Your Eheim folks are thinking of the average aquarium with few if any plants, and oxygen/CO2 exchange is far more serious because there is no natural process there to deal with it. [/quote]
As I was also one of the one's suggesting the Eheim filter... I have to disagree there.
When I suggested this filter and was referring to my own set up's in the 55g's and larger I had severely heavily planted
tanks, planted to the extent that you HAD TO keep taking plants out every week and cutting them way back just to you could see your fish for a few days before the jungle had overgrown again.
However that said, in any of these tanks, by Eheim themselves they'd suggest something larger such as Model 2217, my 55g's were set (and are set up now as well) with the 2213 which does not produce that extreme water exchange like its larger Models. Also I always attach my water output on one short side, while the intake is on the opposite other short side of the tank and the output is angled downwards, maybe something like 40degree angle so it SLIGHTLY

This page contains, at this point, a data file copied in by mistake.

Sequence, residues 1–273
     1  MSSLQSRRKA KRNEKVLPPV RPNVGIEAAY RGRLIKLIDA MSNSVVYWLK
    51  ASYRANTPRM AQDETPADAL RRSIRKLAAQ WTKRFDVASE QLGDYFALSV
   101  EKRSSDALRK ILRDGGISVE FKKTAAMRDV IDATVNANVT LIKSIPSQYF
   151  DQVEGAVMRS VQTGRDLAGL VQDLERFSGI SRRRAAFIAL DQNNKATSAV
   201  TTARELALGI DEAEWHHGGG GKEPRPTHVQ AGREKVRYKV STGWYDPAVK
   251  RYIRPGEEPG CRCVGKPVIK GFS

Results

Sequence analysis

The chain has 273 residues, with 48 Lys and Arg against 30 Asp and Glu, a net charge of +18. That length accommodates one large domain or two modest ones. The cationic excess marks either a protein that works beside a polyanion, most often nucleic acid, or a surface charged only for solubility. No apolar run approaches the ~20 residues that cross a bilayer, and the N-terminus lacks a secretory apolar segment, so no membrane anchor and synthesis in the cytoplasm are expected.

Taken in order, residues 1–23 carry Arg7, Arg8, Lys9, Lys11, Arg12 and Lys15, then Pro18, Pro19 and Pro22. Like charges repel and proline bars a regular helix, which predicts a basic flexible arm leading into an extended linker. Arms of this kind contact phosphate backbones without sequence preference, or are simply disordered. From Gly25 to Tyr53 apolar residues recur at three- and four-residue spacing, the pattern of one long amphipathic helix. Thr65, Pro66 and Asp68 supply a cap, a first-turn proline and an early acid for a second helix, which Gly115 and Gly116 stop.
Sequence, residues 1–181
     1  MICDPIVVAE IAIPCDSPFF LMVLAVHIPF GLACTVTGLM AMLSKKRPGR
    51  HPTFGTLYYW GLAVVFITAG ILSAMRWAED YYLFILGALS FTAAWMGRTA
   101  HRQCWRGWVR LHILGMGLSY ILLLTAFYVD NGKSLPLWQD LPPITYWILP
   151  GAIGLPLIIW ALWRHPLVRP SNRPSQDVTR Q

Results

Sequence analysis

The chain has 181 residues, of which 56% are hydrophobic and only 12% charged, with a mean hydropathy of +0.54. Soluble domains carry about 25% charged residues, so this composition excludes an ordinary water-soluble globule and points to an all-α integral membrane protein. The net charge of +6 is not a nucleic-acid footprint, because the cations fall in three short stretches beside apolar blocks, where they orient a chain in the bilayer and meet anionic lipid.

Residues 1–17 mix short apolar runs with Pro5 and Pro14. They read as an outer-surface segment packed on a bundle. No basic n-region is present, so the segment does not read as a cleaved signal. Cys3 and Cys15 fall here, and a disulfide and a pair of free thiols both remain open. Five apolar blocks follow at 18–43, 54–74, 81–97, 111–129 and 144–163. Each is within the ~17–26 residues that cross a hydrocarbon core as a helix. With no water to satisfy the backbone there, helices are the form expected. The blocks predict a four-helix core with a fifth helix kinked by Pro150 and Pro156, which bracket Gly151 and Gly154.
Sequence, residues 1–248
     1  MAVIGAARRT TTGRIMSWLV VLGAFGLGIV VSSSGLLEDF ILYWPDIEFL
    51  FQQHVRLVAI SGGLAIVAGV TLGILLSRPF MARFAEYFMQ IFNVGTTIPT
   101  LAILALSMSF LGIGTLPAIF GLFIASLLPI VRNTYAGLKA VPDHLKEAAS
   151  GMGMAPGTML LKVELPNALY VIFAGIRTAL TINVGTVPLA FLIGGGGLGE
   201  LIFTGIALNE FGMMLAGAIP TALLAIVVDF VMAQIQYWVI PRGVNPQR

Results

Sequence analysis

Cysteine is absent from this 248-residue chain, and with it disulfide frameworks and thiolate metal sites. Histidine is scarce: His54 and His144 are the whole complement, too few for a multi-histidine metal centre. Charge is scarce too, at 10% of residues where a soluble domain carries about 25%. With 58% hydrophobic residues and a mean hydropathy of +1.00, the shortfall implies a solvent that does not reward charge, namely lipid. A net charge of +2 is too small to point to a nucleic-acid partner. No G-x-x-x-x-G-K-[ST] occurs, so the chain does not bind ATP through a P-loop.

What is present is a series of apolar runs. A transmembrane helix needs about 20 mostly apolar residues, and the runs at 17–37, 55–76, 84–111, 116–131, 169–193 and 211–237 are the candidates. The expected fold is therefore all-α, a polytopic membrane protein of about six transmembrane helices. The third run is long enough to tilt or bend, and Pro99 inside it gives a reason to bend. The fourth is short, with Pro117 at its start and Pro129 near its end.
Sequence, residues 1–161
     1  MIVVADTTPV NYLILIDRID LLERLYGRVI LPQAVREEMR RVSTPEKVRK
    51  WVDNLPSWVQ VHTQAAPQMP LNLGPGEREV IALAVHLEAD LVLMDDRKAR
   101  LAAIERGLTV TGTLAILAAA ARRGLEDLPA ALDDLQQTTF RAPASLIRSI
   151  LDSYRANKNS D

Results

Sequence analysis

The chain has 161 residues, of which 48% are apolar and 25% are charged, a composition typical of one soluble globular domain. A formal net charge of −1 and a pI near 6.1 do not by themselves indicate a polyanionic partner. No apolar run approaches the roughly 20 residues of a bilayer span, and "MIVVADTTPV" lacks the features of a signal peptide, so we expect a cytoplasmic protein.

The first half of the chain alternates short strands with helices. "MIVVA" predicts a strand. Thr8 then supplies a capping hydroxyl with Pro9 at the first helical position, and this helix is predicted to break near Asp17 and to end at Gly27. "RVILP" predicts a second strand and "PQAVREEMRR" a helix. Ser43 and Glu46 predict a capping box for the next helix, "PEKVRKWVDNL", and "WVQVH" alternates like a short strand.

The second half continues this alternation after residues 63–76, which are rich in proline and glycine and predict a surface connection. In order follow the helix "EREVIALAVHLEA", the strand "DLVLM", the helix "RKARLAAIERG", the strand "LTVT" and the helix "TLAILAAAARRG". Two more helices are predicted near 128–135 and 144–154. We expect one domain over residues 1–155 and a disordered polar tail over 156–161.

moves the surface (barley visible to the eye) and it provides enough circulation under the water level for a proper exchange, but farrrr less then some filters that actually will make your plants swirl side to side.
And I'd want to say that the way my tanks were & are set up indeed had a natural process to deal with just like any of the heavily planted 20g's had for that matter.
IMO there's about 1 gazillion ways to set up a tank, double as much to maintain it and triple as much ideas & options from different people. In the end of all this, I personally strongly believe that its not ONE certain filter that works for a planted tank or ONE certain substrate or ONE fertilzier or only ONE type light ~ IMO a GOOD combination or rather a plant & fish PROPER combo out of all of these matters is what either makes a heavy planted tank work or die, its the balance of all these issues that the key IMO